Wednesday, September 6, 2006

Death rates from cancer in the United States continue to fall, but there has been an unexpected sharp rise in thyroid cancer cases among women in the past decade, a national report shows.

Overall cancer death rates dipped 1.6 percent annually for men from 1993 to 2003 and 0.8 percent annually for women from 1992 to 2003, according to the Annual Report to the Nation on the Status of Cancer, which was released yesterday .

“The good news is that cancer death rates continue to decline for men and women,” said Dr. Len Lichtenfeld, deputy chief medical officer for the American Cancer Society (ACS).

The report shows the biggest increase is in thyroid cancer incidence among women, which rose 9.1 percent annually from 2000 to 2003.

“Clearly, the increase in thyroid cancer among women has been very dramatic, and men have had an increase in this disease as well, which has not been insignificant,” Dr. Lichtenfeld said.

The report shows a 4.1 percent increase in thyroid cases among men.

Researchers are not sure about the cause for the increase in thyroid cancer.

Dr. Lichtenfeld suggests one theory: It was “not uncommon” a half-century ago for children with swollen tonsils to be treated with radiation.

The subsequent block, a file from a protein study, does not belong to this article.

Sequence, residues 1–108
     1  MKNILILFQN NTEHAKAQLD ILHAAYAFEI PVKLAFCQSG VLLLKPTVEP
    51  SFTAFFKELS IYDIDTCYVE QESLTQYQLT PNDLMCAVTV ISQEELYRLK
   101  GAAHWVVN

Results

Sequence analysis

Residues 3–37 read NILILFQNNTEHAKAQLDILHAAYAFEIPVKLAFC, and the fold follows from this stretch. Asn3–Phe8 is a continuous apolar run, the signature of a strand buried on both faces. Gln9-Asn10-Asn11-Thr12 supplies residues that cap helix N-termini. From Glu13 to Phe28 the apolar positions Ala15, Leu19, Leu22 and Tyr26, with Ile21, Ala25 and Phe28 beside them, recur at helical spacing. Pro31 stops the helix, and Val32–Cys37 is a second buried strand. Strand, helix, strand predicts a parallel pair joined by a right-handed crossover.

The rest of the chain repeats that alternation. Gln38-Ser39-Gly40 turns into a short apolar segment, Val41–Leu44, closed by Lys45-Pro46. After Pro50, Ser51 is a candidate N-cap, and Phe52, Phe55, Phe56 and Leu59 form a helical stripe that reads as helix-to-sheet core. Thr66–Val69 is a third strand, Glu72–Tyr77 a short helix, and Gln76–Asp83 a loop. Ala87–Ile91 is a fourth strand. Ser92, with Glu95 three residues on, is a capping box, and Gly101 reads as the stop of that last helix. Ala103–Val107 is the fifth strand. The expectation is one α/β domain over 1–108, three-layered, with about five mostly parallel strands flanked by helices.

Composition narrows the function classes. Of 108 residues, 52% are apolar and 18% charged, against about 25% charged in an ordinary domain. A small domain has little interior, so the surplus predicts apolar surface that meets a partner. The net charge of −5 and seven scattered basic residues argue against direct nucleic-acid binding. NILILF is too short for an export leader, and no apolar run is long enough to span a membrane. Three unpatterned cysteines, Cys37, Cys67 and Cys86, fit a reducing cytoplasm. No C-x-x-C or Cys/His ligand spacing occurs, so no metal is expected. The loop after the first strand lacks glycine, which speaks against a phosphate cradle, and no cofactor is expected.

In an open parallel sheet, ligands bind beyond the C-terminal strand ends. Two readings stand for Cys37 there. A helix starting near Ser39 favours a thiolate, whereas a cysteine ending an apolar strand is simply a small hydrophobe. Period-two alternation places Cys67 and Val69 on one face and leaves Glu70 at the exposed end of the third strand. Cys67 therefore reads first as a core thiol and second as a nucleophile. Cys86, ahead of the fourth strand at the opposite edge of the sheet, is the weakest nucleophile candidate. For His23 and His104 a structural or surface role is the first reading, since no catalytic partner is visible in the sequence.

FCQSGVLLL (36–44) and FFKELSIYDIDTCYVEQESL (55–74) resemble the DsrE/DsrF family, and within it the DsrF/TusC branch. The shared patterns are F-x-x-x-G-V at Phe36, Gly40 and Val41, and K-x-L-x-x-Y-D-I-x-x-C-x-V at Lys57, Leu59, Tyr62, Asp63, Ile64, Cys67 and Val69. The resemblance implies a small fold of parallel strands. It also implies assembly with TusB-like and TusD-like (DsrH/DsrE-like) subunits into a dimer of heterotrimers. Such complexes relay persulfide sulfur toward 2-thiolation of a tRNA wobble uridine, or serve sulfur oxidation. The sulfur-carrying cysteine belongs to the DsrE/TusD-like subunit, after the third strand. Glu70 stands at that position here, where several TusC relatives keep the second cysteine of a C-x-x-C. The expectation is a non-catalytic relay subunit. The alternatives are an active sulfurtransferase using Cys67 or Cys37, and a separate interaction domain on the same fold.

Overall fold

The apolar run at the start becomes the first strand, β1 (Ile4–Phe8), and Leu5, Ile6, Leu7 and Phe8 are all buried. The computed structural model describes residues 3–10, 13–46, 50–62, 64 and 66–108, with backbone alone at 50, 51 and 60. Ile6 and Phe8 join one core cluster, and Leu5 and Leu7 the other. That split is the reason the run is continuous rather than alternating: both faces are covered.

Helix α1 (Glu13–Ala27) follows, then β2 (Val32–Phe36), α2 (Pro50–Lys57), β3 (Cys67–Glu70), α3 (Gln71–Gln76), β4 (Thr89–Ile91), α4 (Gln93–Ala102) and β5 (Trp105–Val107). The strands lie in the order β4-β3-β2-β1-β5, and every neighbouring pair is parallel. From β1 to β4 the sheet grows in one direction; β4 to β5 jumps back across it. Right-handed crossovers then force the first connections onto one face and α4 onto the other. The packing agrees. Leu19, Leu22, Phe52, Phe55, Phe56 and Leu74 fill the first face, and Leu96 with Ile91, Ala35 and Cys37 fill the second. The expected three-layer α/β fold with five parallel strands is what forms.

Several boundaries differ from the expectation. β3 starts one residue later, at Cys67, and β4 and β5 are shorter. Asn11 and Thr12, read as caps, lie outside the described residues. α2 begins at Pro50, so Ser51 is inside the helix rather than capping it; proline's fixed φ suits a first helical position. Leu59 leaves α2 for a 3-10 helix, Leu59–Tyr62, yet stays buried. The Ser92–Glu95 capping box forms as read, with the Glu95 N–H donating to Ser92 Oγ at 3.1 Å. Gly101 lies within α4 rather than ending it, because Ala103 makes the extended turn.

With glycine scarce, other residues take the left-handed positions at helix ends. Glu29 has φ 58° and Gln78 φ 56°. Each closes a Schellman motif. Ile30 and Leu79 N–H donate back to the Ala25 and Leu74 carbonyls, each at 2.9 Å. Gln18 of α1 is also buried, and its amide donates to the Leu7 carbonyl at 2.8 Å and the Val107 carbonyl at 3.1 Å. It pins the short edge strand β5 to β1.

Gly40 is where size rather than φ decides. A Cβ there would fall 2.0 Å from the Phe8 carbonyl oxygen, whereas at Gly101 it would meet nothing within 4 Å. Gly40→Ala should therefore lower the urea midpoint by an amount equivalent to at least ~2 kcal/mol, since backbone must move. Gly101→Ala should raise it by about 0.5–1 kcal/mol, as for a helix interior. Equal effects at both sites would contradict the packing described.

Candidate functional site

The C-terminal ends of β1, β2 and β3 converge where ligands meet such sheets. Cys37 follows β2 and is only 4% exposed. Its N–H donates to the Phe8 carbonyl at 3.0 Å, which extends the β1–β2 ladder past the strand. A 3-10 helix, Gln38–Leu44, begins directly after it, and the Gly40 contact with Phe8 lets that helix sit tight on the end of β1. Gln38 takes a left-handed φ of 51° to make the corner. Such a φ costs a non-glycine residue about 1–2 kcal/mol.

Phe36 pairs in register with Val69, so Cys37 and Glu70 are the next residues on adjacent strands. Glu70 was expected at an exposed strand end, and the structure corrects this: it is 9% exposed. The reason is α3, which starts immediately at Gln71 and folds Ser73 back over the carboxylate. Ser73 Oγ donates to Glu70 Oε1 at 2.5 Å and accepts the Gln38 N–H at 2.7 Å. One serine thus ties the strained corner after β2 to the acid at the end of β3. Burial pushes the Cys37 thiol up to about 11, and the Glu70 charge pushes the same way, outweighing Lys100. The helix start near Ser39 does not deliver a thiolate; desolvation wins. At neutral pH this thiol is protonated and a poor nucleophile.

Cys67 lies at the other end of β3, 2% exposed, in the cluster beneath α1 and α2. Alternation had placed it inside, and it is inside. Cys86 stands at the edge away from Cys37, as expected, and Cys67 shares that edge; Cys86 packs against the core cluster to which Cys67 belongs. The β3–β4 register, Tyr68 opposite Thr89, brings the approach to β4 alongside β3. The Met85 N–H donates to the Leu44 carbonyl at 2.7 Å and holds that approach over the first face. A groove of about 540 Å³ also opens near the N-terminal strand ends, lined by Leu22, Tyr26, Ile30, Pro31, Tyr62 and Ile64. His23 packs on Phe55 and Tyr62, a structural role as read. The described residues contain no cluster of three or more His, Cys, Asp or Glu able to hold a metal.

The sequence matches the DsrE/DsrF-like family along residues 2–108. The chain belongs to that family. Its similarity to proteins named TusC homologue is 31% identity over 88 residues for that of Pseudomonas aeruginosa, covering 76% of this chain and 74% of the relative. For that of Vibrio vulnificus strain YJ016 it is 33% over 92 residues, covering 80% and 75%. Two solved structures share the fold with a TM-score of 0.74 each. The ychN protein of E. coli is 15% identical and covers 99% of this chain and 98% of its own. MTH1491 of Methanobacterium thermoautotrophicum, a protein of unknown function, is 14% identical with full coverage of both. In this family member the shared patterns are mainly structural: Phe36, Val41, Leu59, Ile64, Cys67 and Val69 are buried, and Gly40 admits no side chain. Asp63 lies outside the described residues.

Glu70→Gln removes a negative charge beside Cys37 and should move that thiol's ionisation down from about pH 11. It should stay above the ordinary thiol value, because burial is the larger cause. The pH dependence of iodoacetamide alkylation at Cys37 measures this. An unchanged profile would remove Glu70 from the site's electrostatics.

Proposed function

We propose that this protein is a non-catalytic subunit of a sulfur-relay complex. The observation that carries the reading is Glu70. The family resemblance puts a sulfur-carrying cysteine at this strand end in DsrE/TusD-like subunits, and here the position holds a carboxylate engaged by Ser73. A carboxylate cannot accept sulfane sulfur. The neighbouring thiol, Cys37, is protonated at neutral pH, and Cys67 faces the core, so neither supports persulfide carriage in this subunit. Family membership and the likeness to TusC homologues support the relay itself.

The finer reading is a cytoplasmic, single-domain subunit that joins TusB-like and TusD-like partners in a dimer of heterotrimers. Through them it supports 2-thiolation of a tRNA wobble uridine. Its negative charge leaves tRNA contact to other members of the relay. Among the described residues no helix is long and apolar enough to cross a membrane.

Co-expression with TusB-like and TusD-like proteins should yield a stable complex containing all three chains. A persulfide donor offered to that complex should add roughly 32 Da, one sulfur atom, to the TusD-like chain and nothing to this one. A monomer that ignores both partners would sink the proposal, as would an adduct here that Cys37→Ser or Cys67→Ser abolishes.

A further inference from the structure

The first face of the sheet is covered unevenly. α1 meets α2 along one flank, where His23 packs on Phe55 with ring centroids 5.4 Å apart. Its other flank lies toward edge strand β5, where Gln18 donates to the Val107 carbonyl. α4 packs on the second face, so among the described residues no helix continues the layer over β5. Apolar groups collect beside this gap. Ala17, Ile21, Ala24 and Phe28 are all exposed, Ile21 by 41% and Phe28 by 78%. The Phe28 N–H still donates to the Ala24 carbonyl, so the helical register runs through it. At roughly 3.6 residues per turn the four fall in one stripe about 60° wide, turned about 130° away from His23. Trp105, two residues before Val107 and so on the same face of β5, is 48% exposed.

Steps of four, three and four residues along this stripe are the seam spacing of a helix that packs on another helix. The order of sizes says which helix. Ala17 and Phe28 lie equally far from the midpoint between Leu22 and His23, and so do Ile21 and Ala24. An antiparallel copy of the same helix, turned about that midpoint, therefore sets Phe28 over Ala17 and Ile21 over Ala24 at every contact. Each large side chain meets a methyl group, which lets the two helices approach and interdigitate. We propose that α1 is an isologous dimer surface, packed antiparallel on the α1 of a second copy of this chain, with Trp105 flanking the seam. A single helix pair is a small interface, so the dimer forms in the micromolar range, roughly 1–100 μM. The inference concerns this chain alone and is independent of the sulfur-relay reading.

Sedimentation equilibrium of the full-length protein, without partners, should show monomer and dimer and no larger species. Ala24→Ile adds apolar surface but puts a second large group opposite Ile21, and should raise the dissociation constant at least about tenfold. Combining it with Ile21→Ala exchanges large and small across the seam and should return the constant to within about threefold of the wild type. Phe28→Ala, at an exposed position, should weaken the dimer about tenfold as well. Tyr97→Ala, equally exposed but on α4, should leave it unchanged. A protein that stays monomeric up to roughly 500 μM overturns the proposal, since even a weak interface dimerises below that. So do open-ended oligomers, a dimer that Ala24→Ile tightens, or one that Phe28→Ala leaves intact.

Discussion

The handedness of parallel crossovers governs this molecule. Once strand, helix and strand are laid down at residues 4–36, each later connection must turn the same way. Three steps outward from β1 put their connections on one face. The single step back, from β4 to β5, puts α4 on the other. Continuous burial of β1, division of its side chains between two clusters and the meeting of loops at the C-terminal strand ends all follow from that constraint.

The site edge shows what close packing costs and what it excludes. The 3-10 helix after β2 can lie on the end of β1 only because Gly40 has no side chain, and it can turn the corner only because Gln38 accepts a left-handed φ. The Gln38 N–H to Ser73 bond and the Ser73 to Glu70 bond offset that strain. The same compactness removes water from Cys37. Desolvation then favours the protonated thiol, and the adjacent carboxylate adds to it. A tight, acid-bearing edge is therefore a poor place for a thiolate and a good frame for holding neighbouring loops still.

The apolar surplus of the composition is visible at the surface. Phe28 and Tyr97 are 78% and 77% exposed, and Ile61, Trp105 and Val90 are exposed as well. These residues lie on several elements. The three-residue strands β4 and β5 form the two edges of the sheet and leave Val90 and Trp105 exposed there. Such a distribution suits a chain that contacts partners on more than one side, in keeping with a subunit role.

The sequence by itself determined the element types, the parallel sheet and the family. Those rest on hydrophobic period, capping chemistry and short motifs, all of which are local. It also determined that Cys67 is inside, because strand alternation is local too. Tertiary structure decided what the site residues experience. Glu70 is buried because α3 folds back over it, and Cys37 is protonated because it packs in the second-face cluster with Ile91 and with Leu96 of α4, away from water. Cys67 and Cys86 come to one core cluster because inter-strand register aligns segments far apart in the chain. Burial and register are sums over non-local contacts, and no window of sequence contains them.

“This increase [in thyroid cancer] is a phenomenon that was just recently recognized, and it could be related” to childhood radiation exposure from tonsil therapy, he said.

About 327,000 Americans are living with thyroid cancer, and more than 250,000 are women, according to data from the National Cancer Institute (NCI).

Women will account for nearly 22,600 of the more than 30,000 cases of thyroid cancer diagnosed this year, according to the report compiled by NCI and ACS in collaboration with the North American Association of Central Cancer Registries.

The report also found that the rate of breast cancer cases, which had been rising steadily since 1980, appears to have leveled off. Incidence in women declined 0.5 percent annually between 1995 and 2003, but analysts say it is still too early to call that a trend.

Among men, death rates are declining for cancer of the lungs, prostate, colon and rectum, pancreas, bladder, stomach, mouth, brain and central nervous system. They also are decreasing for leukemia, non-Hodgkin’s lymphoma and myeloma, a malignancy that starts in the bone marrow. Cancers that are either stable or rising in men are melanoma, and tumors of the esophagus, liver and kidneys.

For women, death rates are decreasing for cancer of the breast, colon, rectum, brain and nervous system, stomach, kidney, cervix and bladder, as well as non-Hodgkin’s lymphoma and leukemia. But death rates were stable or rising with cancers of the lungs, pancreas, ovaries, uterus and liver.

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